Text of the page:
New jobs if power plant grows

By Peter de Graaf


An expansion of Ngawha's geothermal power station would turn the Far North into an electricity exporter and create new jobs in an area where employment is badly needed.


Lines company and generator Top Energy already owns and operates a 25MW (megawatt) geothermal plant east of Kaikohe but has been buying up land for a possible expansion to 100MW.


If it goes ahead that would be more than enough to power the Far North and meet more than half of Northland's total 180MW needs. Far North consumption ranges from 22MW to a peak of 85MW.


Chief executive Russell Shaw said the company had been studying the Ngawha geothermal field - the country's biggest outside the Volcanic Plateau - since 2007 to work out how much electricity or heat could be produced.


''Although we won't know exactly what we have until we explore through test drilling, we believe there could be enough resource for an additional 100MW of energy.''


That would power every household in the Far North with enough left over to export electricity to the rest of Northland. It also created opportunities for new industry and new jobs in the Kaikohe area, Mr Shaw said.


However, the project is still a long way from being realised with even exploratory drilling yet to begin. Top Energy plans to apply for drilling consents next year.


Mr Shaw said the company was working closely with economic development agency Northland Inc to attract an industry that could use the extra power or heat from geothermal fluid. Wood processing, dairy plants and aquaculture all used large amounts of heat in their industrial processes as well as electricity.


''Just one of these production plants could create as many as 200 new jobs in the immediate area,'' he said.


The plant itself, however, would employ 22, double the current 11. About 60 people would be employed in the construction phase.


Top Energy already owned most of the land needed for the expansion but had recently bought a new site, a dairy farm between Remuera Settlement Rd and State Highway 12.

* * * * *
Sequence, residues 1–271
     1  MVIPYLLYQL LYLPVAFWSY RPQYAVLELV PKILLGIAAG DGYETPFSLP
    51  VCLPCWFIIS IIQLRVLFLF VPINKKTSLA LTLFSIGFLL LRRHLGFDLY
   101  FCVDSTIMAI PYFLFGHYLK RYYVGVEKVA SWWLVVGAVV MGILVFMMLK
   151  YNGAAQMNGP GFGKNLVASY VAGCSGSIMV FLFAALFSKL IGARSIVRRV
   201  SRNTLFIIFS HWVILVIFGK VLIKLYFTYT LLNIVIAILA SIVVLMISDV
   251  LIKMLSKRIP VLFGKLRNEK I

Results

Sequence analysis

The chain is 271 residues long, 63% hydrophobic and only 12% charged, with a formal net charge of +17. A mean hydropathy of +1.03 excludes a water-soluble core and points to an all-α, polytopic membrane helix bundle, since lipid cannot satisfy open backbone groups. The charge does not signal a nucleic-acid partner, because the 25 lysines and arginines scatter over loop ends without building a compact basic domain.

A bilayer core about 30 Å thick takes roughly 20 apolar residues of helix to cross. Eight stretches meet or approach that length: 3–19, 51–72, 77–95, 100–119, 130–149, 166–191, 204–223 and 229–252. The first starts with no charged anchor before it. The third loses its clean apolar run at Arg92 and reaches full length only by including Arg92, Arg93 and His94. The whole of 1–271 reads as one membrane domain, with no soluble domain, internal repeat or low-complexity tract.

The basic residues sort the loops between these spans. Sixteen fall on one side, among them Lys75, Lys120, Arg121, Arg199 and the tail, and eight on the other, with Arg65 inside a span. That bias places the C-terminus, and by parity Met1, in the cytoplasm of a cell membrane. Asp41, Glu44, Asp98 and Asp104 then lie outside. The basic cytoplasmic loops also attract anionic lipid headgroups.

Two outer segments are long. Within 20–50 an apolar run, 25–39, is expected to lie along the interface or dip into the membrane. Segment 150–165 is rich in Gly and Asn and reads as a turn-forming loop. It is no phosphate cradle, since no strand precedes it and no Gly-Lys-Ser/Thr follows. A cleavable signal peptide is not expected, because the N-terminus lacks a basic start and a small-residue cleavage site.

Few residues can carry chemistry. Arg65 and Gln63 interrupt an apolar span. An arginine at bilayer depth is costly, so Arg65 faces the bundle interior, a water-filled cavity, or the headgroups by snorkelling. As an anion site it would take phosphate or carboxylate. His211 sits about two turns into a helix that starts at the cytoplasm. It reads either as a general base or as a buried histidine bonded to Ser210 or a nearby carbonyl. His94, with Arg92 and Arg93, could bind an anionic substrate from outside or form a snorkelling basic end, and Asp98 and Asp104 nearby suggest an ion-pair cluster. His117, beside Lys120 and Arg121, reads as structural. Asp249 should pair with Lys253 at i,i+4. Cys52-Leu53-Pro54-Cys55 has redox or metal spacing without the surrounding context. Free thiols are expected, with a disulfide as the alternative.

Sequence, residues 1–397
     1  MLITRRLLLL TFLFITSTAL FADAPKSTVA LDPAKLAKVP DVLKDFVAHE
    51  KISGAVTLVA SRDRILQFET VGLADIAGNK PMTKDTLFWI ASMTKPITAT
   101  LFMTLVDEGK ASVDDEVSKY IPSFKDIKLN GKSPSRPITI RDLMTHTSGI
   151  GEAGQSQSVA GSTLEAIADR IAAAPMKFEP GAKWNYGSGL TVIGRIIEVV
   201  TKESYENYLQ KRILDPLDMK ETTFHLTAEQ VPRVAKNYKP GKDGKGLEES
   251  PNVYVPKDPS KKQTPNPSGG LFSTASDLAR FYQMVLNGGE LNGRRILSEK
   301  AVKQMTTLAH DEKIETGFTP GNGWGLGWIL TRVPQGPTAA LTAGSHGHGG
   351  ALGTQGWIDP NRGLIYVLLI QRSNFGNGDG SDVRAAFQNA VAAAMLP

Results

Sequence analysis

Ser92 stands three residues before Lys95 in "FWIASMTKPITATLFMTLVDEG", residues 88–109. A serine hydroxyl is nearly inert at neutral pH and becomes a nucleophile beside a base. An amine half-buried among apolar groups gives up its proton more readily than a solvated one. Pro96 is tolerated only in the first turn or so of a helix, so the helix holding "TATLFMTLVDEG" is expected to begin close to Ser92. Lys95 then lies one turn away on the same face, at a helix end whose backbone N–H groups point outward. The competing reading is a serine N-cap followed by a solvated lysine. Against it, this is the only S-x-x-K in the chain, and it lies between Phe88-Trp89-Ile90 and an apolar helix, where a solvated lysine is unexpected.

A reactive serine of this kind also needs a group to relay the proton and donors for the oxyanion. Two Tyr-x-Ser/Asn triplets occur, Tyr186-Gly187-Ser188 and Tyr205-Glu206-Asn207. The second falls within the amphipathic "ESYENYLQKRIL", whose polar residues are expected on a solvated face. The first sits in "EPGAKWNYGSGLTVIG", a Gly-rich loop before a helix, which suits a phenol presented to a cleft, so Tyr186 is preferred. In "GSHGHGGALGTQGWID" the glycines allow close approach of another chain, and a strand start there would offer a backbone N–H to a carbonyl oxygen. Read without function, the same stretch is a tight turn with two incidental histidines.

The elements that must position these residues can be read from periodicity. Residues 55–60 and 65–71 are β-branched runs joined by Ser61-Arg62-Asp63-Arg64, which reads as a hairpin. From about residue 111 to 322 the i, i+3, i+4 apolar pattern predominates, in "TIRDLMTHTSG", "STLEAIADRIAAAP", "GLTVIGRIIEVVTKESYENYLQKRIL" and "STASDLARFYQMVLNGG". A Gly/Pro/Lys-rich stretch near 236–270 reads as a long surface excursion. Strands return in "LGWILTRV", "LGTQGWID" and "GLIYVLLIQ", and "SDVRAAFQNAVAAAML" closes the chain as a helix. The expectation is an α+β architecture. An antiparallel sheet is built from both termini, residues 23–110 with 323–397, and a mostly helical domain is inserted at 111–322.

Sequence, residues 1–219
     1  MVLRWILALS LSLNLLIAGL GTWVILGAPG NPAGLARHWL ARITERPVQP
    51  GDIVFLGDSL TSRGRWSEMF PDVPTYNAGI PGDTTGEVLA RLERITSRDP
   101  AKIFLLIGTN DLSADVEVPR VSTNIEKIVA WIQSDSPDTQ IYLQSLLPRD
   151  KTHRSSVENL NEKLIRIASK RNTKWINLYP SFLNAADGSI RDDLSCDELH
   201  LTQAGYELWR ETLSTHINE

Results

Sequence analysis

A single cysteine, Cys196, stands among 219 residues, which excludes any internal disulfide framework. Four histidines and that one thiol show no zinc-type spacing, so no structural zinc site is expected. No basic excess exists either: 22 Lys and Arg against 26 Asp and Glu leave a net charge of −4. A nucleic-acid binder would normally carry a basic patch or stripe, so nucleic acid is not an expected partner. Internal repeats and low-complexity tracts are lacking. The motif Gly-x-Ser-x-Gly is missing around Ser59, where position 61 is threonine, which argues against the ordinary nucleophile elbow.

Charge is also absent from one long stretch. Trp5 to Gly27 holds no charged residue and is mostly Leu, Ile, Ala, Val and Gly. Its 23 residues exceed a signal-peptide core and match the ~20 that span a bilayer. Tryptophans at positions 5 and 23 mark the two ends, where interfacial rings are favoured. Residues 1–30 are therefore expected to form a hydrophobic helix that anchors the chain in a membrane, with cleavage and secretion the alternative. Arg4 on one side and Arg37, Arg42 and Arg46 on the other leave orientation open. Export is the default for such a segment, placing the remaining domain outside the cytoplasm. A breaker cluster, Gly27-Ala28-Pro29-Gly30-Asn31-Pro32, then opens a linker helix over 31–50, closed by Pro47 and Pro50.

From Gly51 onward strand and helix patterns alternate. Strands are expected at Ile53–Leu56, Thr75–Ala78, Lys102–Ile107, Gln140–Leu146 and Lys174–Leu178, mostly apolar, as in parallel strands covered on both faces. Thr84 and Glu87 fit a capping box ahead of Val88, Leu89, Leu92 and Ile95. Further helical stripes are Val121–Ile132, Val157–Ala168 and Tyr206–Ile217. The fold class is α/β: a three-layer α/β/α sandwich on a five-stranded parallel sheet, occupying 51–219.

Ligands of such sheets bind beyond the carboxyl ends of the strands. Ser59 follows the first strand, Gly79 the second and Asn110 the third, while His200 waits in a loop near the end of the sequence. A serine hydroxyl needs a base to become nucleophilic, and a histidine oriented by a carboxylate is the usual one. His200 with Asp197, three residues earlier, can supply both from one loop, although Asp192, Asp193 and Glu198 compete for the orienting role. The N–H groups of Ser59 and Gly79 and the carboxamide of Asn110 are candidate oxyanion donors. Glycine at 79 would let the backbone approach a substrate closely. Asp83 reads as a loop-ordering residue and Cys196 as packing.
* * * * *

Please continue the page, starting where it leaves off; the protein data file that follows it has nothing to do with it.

If test drilling revealed adequate geothermal resources, the company would lodge a resource consent application in 2015 to build a power station or steam generating plant. Electricity could start flowing in 2020, coinciding with a predicted increase in national demand.


The expansion would see four more Israeli-built 25MW Ormat power plants added to the existing one built in 2008.


The estimated $500 million required would be raised from loans and new investors. The company would now start consulting affected parties, Mr Shaw said.


''It's still early days, however we're optimistic that we can create new opportunities for the region and we intend to work closely with the community and local residents to do that.''


 


Powering Northland


PRESENT



  • 5MW Wairua hydroelectric station near Titoki (Northpower).


  • 25MW Ngawha geothermal power plant near Kaikohe (Top Energy). Expanded from 15MW in 2009 at a cost of $77m.

FUTURE?



  • 100MW expanded Ngawha power plant, estimated cost $500m (Top Energy).


  • 100MW wind farm proposal near Ahipara (Meridian).


  • 200MW tidal turbine station proposal in Kaipara Harbour (Crest Energy).


  • 300MW wind farm proposal near Pouto (Meridian).


  • Northland's current total consumption is around 180MW. The Far North's share ranges from 22-85MW.


- NORTHERN ADVOCATE

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